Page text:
A fight is going on inside me," he said to the boy. "It is a terrible fight and it is between two wolves.
- One is evil - he is anger, envy, sorrow, regret, greed, arrogance, self-pity, guilt, resentment, inferiority, lies, false pride, superiority, and ego.
- The other is good - he is joy, peace, love, hope, serenity, humility, kindness, benevolence, empathy, generosity, truth, compassion, and faith.
- This same fight is going on inside you - and inside every other person, too.
- The grandson thought about it for a minute and then asked his grandfather which wolf would win.
- The old Cherokee simply replied, "The one you feed"
Like many of you, I've signed and crafted many a Non-Compete. I'm very affected by what it means to "not" compete in an area where I obviously share a great interest, and more so passion, with my past and current colleagues. We build social circles and frequent the same professional clubs. When is getting a client in one of these settings a violation of competition, or more so, just a negative ding on the soul of friendship?
I like the analogy of declaration of intent. If my buddy has spent a week talking about someone, that's not an individual that I will pursue trying to meet. It's just being fair and friends. I might even ask about how we arrange the connection as a team, but I believe in honoring the concept of "dibs". I also like the principal of time, to really wait a year and not contact the clients of your past employer, and not just those in active legal restriction, but the ones that you knew they were intending to sell.
But think, why are so many marriages, the brother or sister of the original high school heart-throb? If we are true to ourselves, won't we work in the same space as many of our friends? How can we make connections and not appear to violate some spoken, written, or even unspoken non-compete? What about striking out in a new direction? This company has been dedicated to creating new service lines, just to avoid stepping on the SOX toes of past co-workers. The Cloud and Virtualization efforts were fueled in part, by a genuine desire to avoid direct competition in service. It was a means to create new reasons for business, that would not directly compete.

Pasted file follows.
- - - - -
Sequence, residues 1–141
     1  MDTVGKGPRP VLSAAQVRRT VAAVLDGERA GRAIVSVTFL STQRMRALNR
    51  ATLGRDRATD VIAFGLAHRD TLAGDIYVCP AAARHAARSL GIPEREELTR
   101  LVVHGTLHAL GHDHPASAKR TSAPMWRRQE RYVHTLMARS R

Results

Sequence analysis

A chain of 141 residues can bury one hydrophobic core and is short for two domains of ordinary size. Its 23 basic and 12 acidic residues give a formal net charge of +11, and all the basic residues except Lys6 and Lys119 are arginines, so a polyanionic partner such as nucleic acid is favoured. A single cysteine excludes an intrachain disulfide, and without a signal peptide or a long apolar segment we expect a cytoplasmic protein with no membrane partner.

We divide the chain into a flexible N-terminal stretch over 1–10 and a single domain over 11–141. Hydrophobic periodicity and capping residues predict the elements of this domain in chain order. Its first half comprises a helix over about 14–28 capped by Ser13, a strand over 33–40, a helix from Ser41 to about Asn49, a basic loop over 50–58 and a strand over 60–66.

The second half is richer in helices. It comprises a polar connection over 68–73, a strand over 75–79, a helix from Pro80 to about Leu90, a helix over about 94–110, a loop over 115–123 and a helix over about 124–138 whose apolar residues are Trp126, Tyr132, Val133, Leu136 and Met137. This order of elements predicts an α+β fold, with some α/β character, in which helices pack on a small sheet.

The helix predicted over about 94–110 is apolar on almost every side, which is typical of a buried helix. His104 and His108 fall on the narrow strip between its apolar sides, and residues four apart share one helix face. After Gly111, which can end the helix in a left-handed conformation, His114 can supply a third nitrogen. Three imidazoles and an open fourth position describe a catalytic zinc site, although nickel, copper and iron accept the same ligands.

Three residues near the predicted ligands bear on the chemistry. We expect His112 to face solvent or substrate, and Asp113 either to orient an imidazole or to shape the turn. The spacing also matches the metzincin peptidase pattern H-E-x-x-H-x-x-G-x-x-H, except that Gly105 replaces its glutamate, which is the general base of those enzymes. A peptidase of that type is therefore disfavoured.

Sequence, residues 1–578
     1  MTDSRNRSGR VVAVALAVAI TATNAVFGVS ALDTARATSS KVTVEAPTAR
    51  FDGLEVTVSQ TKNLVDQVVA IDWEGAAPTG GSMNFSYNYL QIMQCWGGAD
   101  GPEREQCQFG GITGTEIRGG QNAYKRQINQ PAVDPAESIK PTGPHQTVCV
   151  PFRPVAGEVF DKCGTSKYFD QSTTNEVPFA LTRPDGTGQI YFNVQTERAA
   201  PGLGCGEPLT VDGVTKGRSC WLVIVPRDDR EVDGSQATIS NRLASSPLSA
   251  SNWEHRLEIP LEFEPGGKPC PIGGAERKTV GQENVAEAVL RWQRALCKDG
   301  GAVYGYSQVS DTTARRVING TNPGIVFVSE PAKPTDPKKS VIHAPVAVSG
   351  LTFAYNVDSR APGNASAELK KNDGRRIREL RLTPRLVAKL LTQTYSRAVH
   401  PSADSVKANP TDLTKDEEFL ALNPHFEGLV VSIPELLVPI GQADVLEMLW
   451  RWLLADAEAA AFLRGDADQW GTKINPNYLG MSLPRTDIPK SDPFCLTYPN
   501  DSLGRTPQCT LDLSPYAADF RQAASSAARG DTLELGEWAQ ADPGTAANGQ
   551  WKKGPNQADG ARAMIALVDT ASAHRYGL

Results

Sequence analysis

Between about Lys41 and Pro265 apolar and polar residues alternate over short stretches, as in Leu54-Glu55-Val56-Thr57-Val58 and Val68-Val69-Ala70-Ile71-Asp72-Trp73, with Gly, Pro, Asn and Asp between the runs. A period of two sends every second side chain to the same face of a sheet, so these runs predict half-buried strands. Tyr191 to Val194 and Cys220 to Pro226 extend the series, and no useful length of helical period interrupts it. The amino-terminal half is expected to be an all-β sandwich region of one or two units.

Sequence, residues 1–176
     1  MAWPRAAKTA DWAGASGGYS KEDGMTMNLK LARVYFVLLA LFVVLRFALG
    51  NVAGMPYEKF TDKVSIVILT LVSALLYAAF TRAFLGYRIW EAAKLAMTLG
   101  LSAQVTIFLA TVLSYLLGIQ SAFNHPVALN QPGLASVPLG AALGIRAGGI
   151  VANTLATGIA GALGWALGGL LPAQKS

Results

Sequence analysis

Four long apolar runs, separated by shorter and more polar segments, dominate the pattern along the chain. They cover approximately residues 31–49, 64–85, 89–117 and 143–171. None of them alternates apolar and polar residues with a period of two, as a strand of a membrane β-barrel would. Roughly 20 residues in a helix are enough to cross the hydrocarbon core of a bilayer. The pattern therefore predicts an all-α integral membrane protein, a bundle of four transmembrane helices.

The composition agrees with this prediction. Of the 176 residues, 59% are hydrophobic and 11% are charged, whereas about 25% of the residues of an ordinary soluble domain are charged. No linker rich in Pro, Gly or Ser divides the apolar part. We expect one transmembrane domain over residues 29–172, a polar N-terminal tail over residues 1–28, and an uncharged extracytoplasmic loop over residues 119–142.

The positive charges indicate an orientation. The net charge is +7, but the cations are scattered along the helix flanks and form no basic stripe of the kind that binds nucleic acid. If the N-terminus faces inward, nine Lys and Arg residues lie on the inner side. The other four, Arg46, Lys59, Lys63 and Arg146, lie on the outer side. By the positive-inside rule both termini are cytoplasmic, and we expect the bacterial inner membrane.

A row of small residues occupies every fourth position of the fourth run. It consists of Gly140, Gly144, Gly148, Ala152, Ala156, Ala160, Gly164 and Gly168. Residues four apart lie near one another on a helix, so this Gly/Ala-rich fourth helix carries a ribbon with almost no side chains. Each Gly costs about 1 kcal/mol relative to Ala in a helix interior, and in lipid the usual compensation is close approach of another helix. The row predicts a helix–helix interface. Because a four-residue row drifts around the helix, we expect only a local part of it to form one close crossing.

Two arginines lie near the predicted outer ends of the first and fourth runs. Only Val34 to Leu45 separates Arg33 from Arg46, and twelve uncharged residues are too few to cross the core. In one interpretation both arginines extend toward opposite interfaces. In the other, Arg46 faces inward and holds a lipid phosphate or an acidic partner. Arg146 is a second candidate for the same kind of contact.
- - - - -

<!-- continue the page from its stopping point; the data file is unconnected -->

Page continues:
Earning business is really intimate. People make decisions to spend a great deal of time together, to share details about their greatest possession in the world, their baby, their business. When is it reasonable to say, "all bets are off, my relationship with the business owner earned that work fair and square?" (By the way, I get fair. What makes it "square"?)
I care about competing with my friends. It's a big world. Oh, wait, no, "It's a small world", and let me add a really tiny world.
If any of you are in nearing the end of your first social networking decade, you may have collected a few thousand facebook, LinkedIn, Digg, twitter (long list...) connections. Maybe you keep in touch with up to half of them well. So where did you all meet? Were you at a function, paid for by a past employer? Was it the co-worker or client of a friend? Were you introduced by a connection who legitimately sells service in your space?
I'm very interested in how to grow an ethical business. Is it reasonable to send advertisement regarding a new service offering to all my LinkedIn connections? Are they friends? Is it a mailing list? If you did not want to hear from me, why did you send me a request to link?
I know the rules of external mail lists, but is mailing your first connections on a par with phoning people about work during supper? Is not using this avenue just a sign that I am a chump or weak? (Don't just answer in your head. If you just thought, "You snooze, you lose" please also communicate it back.)
People say, as a business leader, I am both timid and bold. It's true. There are times that I am not sure, and this is one. In areas where the ethics are clear, I am bold. I don't mind aggressively earning and serving any business. Hesitation can be a good thing. It gives me time to consider which Wolf shall be the one I feed.
Talk2me. Chat back. Send me a tweet.